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So, You Want to be a Pressroom Supervisor? by Frank Burgos

So, You Want to be a Pressroom Supervisor? by Frank Burgos

I recall reading several years ago that the top three most stressful jobs, at the time, were:

  • Police officer
  • Surgeon
  • Pressroom supervisor

I may have dreamt that, but let me assure you, supervising a dynamic pressroom, without the skills to do it, can be a nightmare; for you, the people who report to you and the people you report to.

Effective supervision relies on special skills we don’t necessarily learn at press. They are “people” skills, not technical. A good supervisor is a good listener, offers constructive criticism, trains employees, and manages processes. He or she is calm, self-confident, optimistic, honest, self-disciplined and self-motivated. They can also take constructive criticism. They’re tough, but fair.

Not all good press operators will end up supervising a pressroom. Not all good press operators should. Yet, one of the most common misconceptions I hear in a pressroom when a supervisor position opens is that the best operator should get the job. Sorry. Not always. Not usually.

Now, for the operator that comes to the table with the right stuff for supervising, there may still be some hurdles. Here are a couple to remember, if you plan to be a supervisor, someday:

Fraternizing with your coworkers, while an operator, can end up causing you challenges if you get the supervisor position. You may have socialized with peers after work, spoken poorly about management and ownership with others, or otherwise have compromised the credibility and respect you’ll need to lead the people you’ve fraternized with.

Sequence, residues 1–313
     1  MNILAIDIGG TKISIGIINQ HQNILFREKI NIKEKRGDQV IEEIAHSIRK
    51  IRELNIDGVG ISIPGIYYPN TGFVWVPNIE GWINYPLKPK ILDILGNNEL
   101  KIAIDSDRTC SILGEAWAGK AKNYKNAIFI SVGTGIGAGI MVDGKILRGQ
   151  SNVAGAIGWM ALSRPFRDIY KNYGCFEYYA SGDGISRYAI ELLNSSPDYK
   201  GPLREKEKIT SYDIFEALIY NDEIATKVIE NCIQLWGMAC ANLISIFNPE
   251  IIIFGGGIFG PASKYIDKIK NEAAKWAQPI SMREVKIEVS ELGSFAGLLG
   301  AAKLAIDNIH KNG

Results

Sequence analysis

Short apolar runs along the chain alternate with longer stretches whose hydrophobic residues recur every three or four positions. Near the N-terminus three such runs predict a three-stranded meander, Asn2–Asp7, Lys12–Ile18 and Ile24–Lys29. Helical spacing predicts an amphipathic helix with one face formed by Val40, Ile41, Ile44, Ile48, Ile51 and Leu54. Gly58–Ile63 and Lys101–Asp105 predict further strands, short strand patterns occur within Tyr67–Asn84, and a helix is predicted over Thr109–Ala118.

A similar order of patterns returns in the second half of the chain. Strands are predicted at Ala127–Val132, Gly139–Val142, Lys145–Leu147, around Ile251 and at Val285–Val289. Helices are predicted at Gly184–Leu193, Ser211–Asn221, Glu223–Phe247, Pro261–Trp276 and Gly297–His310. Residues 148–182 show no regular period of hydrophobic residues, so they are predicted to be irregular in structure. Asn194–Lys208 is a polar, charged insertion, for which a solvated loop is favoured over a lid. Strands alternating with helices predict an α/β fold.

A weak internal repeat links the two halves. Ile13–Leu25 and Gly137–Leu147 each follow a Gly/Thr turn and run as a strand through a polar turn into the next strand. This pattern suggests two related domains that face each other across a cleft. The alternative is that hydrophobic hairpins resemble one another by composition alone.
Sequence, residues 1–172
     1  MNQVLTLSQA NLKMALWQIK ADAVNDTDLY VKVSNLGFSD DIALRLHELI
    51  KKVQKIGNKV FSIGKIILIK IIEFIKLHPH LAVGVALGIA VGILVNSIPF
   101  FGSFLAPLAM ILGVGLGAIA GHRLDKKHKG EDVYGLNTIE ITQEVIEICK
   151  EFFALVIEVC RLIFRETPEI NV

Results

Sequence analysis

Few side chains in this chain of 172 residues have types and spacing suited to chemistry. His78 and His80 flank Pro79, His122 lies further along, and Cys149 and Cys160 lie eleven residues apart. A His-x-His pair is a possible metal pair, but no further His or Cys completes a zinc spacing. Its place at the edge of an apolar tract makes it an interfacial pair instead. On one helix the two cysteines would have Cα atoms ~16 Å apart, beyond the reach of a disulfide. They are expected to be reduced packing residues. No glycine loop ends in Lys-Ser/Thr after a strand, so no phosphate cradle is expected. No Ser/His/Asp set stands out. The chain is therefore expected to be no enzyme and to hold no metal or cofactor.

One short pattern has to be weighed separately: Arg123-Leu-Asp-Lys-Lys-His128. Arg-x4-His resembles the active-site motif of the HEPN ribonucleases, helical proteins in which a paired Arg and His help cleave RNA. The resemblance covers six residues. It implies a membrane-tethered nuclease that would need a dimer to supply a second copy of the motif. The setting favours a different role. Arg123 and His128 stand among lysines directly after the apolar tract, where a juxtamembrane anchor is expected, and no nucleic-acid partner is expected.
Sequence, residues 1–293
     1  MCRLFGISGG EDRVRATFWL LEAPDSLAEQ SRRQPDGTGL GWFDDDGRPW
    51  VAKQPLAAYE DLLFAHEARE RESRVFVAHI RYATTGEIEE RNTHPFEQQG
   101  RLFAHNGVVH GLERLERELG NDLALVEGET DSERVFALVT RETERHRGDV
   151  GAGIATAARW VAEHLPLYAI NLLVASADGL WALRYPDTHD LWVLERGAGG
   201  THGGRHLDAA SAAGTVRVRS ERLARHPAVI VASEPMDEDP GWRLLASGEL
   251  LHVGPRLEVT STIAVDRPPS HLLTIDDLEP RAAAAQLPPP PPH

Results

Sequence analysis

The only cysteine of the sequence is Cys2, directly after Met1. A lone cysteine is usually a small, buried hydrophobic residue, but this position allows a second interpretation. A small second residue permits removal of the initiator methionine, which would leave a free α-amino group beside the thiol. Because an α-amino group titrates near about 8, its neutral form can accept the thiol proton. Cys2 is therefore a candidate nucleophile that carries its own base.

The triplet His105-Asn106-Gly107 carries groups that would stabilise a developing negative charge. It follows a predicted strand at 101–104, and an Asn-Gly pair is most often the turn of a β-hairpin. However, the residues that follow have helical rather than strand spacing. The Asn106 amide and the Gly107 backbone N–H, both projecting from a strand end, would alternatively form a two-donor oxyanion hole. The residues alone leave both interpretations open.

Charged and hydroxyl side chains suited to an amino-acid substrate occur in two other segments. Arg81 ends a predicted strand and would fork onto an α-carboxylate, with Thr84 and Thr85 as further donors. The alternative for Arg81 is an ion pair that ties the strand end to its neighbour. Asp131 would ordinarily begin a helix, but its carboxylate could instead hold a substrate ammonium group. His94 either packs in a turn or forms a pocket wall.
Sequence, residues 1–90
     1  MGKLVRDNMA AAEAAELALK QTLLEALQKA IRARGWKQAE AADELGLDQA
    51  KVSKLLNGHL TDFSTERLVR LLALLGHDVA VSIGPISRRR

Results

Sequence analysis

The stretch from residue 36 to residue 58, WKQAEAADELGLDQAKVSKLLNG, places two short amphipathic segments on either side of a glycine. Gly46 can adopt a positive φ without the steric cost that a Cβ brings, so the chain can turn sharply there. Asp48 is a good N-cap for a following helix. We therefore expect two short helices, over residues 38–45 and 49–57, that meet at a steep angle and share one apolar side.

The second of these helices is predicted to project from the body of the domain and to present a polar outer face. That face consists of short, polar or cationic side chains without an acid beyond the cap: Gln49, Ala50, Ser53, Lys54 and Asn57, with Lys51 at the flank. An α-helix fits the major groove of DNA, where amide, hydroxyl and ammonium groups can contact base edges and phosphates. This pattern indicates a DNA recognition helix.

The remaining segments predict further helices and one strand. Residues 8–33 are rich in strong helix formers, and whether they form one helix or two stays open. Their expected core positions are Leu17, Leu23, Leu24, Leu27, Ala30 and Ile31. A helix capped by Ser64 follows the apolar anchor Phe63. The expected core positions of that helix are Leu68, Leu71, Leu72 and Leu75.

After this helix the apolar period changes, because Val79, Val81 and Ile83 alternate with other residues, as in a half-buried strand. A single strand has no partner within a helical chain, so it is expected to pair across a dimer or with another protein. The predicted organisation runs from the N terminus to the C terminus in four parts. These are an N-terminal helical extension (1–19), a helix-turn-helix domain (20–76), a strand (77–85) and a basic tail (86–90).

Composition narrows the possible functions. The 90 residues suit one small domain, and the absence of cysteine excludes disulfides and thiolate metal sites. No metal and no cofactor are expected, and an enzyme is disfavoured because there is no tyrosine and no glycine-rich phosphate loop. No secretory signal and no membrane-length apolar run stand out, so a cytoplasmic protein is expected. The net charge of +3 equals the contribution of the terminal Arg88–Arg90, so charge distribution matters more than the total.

If you have not been professional by focusing on your work and work habits, the transition can be painful, if not impossible. It is difficult to supervise folks when you’ve been fraternizing and otherwise not comporting yourself with the demeanor of a supervisor. They’ll remember “the old you” and you will, too. Leading and disciplining them will be tough, tough, tough.

Another hurdle can be your attendance. If your attendance record is less than pristine, you may get passed up, even if you otherwise qualify to supervise. Supervisors are needed on site, every day, the whole shift, and should be ready to stay late, or come in early, if necessary, especially during off shifts. If your record doesn’t prove you’re flexible and dependable, forget it. The company will be better off with a less competent, but more punctual supervisor. Supervision is serious business; only the serious need apply.

There are many potential challenges and pitfalls to becoming an effective, confident, happy supervisor. I wanted to share a couple that stand out in my mind because most things one can learn or recover from, but personal behavior and reputation are a different matter. If you have your sights on supervision, keep your nose clean, so to speak, and demonstrate a superior work ethic.

Being a supervisor and growing as a supervisor is a unique and enriching and rewarding job. If you’ve done it well, for a while, you’ll automatically be respected wherever you go, just because of the way you carry yourself. You’ll feel different. You’ll feel like a person worthy of the responsibility of leading people and helping them grow. I can think of few greater rewards.

So, go ahead and be a supervisor; but be ready.